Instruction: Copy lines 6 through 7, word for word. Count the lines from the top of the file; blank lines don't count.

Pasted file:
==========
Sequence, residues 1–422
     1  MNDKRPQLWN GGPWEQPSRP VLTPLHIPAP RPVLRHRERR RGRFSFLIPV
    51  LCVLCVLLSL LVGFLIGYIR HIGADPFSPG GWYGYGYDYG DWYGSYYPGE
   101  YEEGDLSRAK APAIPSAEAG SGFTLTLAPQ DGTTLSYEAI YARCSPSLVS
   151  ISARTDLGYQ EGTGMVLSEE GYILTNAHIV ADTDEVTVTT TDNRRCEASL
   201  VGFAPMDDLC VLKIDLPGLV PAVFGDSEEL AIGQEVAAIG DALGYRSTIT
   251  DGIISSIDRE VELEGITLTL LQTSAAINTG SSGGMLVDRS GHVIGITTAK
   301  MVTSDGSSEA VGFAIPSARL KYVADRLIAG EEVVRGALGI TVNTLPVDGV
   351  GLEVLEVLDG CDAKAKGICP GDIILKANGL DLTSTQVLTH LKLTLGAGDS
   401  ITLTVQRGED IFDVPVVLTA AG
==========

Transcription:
   201  VGFAPMDDLC VLKIDLPGLV PAVFGDSEEL AIGQEVAAIG DALGYRSTIT
   251  DGIISSIDRE VELEGITLTL LQTSAAINTG SSGGMLVDRS GHVIGITTAK